If you are worried about flying with tinnitus, talk to your audiologist or doctor before taking your trip. It is always a good idea to get your hearing aids checked before you go abroad to reduce the likelihood of having to seek emergency help or repairs, and it may help to research local hearing clinics in your destination so that you do not have to worry about experiencing problems while you are away.
7. Common Misunderstandings About Tinnitus
Tinnitus is a very common condition, but it is often misunderstood by those who have not experienced it. Here, we explore the myths about tinnitus and find out the facts:
- Myth: Tinnitus is all in the mind.
- Fact: Tinnitus is a real condition that affects the inner ear and is believed to be caused by damaged hair cells in the cochlea that cause the brain to receive faulty information, ‘hearing’ a sound that is not present. Tinnitus is not an imagined condition, and some audiologists are able to isolate the sounds that tinnitus sufferers hear.
- Myth: Tinnitus cannot be treated.
- Fact: Tinnitus can be treated in many different ways, and if it is caused by a physical blockage in the ear, such as impacted earwax, it may be very easily resolved with surgery or a simple earwax removal procedure. If tinnitus is caused by damage to the hearing organs, there is no definitive cure at present, but many types of therapy can relieve the symptoms of the condition. Meditation and mindfulness are often recommended, and CBT and sound therapy are also popular choices. For most people, the most effective method of managing tinnitus is by wearing hearing aids and this can work well as most tinnitus co-exists with another hearing loss.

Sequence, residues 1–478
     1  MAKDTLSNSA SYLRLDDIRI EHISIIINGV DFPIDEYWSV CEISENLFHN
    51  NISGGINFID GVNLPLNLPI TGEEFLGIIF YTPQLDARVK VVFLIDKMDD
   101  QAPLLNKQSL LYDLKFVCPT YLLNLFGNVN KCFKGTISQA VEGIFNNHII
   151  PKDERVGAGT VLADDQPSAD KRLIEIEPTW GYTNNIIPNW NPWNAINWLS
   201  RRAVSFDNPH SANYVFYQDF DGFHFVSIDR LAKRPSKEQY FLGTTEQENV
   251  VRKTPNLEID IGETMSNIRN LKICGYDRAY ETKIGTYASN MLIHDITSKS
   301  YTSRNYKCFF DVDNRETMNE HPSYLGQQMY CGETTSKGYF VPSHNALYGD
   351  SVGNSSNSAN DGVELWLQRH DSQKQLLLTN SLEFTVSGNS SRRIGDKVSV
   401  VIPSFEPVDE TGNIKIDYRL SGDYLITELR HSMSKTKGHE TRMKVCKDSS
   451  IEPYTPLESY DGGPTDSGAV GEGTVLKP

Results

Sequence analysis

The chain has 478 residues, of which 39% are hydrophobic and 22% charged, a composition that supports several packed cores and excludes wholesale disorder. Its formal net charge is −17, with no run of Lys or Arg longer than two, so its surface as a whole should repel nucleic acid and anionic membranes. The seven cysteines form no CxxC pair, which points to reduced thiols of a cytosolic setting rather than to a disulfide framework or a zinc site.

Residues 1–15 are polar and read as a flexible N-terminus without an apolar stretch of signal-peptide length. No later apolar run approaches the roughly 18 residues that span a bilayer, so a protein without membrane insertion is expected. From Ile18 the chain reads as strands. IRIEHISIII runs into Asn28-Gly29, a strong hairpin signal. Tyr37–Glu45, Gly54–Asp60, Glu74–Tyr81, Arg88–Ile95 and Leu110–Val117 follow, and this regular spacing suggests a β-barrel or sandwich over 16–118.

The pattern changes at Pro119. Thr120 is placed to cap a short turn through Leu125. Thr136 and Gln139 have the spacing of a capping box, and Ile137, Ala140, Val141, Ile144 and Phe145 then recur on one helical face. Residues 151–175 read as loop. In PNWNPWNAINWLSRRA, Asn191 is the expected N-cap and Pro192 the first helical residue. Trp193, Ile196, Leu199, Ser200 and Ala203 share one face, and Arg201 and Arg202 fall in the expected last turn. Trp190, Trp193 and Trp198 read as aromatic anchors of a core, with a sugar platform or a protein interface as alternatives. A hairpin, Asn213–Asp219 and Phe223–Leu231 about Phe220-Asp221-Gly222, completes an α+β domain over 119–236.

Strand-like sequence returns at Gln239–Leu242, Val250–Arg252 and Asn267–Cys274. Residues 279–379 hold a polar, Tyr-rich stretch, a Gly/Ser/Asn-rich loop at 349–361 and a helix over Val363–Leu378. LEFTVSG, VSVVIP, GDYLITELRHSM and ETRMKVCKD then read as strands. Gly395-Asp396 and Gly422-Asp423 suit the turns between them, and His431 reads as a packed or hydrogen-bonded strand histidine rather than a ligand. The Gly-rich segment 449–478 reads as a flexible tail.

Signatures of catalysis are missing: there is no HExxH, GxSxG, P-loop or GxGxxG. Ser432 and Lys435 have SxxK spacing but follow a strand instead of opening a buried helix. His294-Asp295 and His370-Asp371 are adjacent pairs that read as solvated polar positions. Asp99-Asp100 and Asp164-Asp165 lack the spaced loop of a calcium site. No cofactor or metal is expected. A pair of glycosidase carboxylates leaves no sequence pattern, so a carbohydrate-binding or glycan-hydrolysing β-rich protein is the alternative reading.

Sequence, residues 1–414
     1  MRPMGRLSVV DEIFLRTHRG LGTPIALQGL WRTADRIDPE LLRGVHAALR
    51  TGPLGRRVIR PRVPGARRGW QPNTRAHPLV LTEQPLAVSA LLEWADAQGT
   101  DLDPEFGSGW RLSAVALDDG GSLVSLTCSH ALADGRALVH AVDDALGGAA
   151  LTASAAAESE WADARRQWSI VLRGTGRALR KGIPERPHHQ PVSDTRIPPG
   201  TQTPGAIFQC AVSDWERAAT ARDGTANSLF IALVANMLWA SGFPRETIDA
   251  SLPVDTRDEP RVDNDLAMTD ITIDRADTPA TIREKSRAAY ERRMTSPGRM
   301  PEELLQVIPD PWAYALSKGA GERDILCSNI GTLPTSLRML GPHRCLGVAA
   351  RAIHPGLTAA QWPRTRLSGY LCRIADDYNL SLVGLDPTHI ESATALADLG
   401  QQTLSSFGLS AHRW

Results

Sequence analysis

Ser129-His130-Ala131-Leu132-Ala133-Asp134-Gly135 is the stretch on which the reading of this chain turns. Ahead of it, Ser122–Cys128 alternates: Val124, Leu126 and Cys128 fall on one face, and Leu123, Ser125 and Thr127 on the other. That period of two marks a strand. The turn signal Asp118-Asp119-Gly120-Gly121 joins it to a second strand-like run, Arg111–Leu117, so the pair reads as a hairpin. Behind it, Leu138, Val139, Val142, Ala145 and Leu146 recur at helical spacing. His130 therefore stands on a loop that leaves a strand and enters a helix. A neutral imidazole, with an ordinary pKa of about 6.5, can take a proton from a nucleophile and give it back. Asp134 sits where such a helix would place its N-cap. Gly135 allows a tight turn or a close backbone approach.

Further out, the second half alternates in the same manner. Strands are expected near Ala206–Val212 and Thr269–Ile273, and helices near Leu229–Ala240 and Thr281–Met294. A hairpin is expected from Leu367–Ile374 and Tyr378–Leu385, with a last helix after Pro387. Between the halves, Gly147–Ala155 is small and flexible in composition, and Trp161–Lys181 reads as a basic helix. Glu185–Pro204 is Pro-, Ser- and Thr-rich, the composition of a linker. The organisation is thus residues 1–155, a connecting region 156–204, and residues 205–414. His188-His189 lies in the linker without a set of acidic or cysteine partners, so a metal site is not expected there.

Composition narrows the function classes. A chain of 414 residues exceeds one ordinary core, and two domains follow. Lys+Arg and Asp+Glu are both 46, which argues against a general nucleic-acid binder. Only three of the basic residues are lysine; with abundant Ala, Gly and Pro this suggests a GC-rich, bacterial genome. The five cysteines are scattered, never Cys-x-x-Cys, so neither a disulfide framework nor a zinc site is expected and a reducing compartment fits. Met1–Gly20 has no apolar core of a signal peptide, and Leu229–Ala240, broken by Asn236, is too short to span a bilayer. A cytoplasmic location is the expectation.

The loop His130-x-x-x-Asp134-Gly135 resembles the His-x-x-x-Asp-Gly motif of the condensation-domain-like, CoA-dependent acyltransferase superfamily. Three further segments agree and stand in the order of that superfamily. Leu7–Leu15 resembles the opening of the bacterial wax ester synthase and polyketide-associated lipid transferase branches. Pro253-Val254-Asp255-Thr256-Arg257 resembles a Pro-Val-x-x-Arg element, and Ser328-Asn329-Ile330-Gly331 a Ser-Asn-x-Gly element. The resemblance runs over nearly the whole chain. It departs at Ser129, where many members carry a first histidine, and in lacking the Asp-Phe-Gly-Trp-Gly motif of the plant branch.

- Myth: Tinnitus is not connected to hearing loss.
- Fact: Studies have shown that at least 90 percent of those suffering from tinnitus will also have another hearing loss. Some of these are cases of ‘hidden hearing loss’, where the hearing loss is not detected until the tinnitus is investigated or treated. Because hearing aids are useful in treating hearing loss and tinnitus, these can be a good solution to both conditions, functioning to minimise the contrast between tinnitus and the surrounding environment as well as picking up and amplifying sounds.
8. Take A Free Hearing Test At Hidden Hearing
Hidden Hearing is the leading private provider of hearing care solutions in Ireland, with a national network that includes over sixty-five branches and clinics, and we understand tinnitus! We know that it can interfere with many different aspects of your life, including taking a hearing test, and we will discuss this with you and talk through any concerns you may have.
If you have tinnitus and already wear hearing aids, you will probably have discussed your tinnitus with your audiologist already. If you have not, it is a good idea to do so as soon as possible. Tinnitus can be most effectively treated by the used of hearing aids, and your audiologist can help with this.
If you have just started to experience tinnitus, you can book a free hearing test and find the best solution for your situation. It is important to be aware that feeling stressed or anxious about your hearing test may lead to poorer results. Learning to relax will help, and this can be crucial in learning to tune out your tinnitus and manage it on a daily basis.
Our experienced audiologists can help you to find the right options for you, ensuring that you can live the life you want, regardless of your hearing loss and tinnitus. We have an excellent range of digital hearing aids for you to try, including in-the-ear models that are invisible to others, so simply call us today to book your free hearing test.